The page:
4. Repeat this until your dog is able to eat 10 meals without showing aggression.
  5. Move on to Phase 2.

Phase 2

  1. Follow the same steps as in Phase 1, but take a step towards the dog, and then step back.
  2. Each day, move a little closer.
  3. Once your dog stays relaxed for 10 meals, move on to Phase 3.

Phase 3

  1. While your dog is eating, walk slowly up to the bowl, drop a treat into the bowl, and then just walk away. Talk gently while you do this.
  2. Repeat this every 30 seconds until the dog has finished its meal.
  3. When your dog is relaxed for 10 meals, move on to Phase 4.

Phase 4

  1. While your dog is eating, walk up to it (speaking gently).
  2. Bend down, give it a treat, and then walk away.
  3. Repeat every thirty seconds until the dog has finished eating.
  4. When your dog is relaxed for 10 meals, move on to Phase 5.

Phase 5

  1. While your dog is eating, walk up to it (speaking gently). 
  2. Bend down and give it a treat with one hand while touching its bowl with the other, and then walk away.
  3. Repeat this every 30 seconds until the dog has finished its meal.
  4. When your dog is relaxed for 10 meals, move on to Phase 6.

Phase 6

  1. While your dog is eating, walk up to it.
  2. Bend down and give it a treat with one hand while lifting its bowl a few inches with the other hand, and then walk away.
  3. Repeat this every 30 seconds until the dog has finished its meal.
  4. When your dog is relaxed for 10 meals, move on to Phase 7.

Phase 7

Repeat phases 1-6 with all members of the family taking the action, so that the dog knows the same rules apply to everyone.


A Similar Behaviour

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There’s one last behavioural issue that’s worth mentioning; it’s actually the same issue we’ve been talking about, but in a different form.

Sometimes, if you lay out food on a coffee table for guests, your dog might snap at the guests when they try to take the food.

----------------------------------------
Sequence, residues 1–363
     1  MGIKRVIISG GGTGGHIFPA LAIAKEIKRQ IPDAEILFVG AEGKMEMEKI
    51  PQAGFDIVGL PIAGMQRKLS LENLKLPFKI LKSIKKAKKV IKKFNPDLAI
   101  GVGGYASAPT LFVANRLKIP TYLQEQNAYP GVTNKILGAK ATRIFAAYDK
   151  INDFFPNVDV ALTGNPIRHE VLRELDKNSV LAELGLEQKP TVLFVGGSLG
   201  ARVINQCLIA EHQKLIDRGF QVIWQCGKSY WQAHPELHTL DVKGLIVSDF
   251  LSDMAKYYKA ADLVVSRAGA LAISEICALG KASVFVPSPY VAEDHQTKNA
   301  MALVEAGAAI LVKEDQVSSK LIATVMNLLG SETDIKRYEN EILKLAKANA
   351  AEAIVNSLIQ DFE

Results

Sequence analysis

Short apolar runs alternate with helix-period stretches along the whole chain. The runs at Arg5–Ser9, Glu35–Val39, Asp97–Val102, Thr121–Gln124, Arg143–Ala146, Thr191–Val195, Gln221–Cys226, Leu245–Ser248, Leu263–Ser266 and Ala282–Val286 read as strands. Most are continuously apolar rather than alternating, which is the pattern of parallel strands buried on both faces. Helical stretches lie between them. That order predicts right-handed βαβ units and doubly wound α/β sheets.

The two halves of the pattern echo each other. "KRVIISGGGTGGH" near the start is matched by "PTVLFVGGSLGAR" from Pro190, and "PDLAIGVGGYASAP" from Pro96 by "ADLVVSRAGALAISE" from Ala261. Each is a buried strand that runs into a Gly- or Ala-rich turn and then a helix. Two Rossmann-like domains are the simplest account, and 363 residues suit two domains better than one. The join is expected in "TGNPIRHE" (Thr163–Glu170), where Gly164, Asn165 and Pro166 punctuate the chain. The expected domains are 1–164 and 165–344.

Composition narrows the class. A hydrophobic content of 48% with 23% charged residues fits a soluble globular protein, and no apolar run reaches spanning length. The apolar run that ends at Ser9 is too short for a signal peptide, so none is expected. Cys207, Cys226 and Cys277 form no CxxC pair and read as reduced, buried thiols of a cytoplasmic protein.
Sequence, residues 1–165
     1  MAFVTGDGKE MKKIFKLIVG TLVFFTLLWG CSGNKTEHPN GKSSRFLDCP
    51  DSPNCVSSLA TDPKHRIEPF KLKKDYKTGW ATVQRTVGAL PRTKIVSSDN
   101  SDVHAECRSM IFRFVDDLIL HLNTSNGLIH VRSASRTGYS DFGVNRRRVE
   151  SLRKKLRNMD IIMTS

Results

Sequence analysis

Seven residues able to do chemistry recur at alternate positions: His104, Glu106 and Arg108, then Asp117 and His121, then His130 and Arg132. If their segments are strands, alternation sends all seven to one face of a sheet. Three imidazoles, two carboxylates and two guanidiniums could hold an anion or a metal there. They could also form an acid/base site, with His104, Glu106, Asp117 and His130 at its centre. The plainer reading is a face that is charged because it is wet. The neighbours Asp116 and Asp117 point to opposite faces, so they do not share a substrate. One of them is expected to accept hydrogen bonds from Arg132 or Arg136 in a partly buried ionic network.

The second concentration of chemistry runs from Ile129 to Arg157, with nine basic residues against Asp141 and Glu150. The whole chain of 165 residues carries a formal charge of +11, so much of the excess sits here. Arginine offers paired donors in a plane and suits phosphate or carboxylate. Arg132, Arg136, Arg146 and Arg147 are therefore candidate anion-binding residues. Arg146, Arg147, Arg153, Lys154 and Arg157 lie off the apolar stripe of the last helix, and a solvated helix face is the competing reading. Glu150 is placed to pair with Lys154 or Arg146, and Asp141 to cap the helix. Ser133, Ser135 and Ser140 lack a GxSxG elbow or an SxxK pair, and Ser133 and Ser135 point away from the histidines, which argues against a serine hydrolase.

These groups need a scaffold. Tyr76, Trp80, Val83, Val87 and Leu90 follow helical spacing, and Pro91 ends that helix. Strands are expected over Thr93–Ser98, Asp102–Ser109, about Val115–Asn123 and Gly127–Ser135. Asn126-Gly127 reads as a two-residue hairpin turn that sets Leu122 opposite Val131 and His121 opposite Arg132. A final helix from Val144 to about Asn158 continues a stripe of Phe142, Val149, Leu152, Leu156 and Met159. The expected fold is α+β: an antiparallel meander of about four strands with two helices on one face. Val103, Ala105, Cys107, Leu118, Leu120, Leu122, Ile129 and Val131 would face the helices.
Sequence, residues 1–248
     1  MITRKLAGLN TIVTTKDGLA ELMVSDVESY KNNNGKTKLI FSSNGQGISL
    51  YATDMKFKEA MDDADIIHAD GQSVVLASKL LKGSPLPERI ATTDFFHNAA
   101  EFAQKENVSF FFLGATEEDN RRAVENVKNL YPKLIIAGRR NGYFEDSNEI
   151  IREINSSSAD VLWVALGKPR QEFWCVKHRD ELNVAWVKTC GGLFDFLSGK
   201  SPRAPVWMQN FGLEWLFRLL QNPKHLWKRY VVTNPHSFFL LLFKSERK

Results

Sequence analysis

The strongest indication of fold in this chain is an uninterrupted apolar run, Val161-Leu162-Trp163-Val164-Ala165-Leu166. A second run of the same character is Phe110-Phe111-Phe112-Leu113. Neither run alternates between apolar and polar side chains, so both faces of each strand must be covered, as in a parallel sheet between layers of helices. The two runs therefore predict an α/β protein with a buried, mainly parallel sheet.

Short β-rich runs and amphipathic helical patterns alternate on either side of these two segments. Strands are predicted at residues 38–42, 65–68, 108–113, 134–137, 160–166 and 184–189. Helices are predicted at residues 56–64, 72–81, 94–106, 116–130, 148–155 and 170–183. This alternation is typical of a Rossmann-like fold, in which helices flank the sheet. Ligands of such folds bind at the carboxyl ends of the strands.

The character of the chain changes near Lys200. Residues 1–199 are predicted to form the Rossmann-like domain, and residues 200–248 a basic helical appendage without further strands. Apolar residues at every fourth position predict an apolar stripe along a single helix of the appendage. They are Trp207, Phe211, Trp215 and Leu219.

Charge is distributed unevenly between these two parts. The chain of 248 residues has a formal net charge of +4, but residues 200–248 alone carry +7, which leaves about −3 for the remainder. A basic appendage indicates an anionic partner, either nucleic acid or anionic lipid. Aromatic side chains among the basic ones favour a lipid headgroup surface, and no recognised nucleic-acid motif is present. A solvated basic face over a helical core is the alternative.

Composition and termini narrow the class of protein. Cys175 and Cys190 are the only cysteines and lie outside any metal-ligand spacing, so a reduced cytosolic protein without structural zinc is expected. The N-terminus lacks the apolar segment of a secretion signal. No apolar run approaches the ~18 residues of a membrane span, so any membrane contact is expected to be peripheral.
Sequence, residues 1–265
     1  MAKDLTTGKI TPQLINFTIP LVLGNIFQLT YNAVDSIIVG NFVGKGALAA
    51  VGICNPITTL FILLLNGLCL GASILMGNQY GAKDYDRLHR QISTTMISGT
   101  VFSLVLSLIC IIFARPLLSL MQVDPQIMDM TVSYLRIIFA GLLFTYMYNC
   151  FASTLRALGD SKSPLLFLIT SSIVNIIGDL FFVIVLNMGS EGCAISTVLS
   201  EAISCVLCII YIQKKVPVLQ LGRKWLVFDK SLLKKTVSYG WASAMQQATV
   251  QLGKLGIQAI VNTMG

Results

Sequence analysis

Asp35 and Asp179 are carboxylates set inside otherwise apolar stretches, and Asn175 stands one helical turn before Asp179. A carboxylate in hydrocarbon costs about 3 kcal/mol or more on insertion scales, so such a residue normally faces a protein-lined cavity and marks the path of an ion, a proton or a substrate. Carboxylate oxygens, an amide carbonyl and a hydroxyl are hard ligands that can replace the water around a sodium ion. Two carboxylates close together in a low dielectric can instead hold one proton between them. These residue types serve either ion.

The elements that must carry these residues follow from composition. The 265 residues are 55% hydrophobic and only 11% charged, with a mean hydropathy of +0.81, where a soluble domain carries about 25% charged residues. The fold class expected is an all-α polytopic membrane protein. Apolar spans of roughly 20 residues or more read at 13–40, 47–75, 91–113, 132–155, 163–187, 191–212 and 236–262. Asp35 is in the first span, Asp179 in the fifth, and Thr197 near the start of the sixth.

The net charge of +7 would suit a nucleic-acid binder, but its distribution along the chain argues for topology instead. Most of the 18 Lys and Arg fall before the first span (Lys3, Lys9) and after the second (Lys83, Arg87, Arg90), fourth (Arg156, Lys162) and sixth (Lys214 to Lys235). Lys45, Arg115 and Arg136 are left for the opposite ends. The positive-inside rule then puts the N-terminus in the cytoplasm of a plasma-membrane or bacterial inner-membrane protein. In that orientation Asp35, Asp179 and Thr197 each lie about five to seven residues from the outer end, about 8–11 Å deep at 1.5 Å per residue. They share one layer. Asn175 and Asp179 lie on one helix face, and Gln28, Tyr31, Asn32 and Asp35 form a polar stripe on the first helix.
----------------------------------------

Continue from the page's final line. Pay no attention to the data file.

This is your dog exhibiting the same instinctive behavior, but this time protecting the family food from outsiders. You can use treats and conditioning to address this.


Conclusion

As you can see, stopping food aggression in your dog is going to take time and work by you and members of your family.

However, it should be a one time fix, and will make the living situation in your home much better.

If you suspect a health problem might be responsible for the food aggression, you should go see a veterinarian immediately.

If you’ve ruled out a health problem, it’s possible that you won’t be able to fix the issue yourself. If this is the case, or if you don’t have time to fix it, there is a very economic solution available.

A certified dog trainer with well over a decade of experience working with clients has created an online program and community for dog owners.

This trainer has figured out that aggression issues like food aggression or aggression towards other dogs fundamentally come down to learning how to calm your dog down so it can regain control of its emotions.

This dog rehabilitation package is substantial, and it costs a tiny fraction of what you would pay for the services of a typical dog trainer or behaviorist.

You can alternatively read my review of the program.


Thanks for reading. Does your dog have food aggression? Feel free to share your experiences in the comments below.